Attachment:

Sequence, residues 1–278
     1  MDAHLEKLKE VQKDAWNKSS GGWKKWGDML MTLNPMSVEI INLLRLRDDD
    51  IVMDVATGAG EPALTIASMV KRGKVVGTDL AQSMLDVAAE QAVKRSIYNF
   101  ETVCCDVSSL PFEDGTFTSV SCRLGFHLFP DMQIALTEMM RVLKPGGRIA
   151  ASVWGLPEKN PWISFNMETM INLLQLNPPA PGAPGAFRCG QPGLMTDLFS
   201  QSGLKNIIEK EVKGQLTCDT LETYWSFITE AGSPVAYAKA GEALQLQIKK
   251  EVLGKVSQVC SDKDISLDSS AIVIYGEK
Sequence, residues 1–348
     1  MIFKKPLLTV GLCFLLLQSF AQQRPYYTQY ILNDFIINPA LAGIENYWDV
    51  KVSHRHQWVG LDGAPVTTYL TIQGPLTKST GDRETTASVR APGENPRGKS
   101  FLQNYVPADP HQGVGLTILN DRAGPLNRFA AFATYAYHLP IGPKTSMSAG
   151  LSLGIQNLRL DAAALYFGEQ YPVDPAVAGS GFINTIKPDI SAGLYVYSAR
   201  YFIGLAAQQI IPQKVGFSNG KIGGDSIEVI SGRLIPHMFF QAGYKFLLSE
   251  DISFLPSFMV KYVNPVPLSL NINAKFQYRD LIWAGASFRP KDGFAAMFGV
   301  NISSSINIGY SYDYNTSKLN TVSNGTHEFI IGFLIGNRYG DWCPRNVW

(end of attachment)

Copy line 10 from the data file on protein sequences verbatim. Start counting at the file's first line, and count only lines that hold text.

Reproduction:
    51  KVSHRHQWVG LDGAPVTTYL TIQGPLTKST GDRETTASVR APGENPRGKS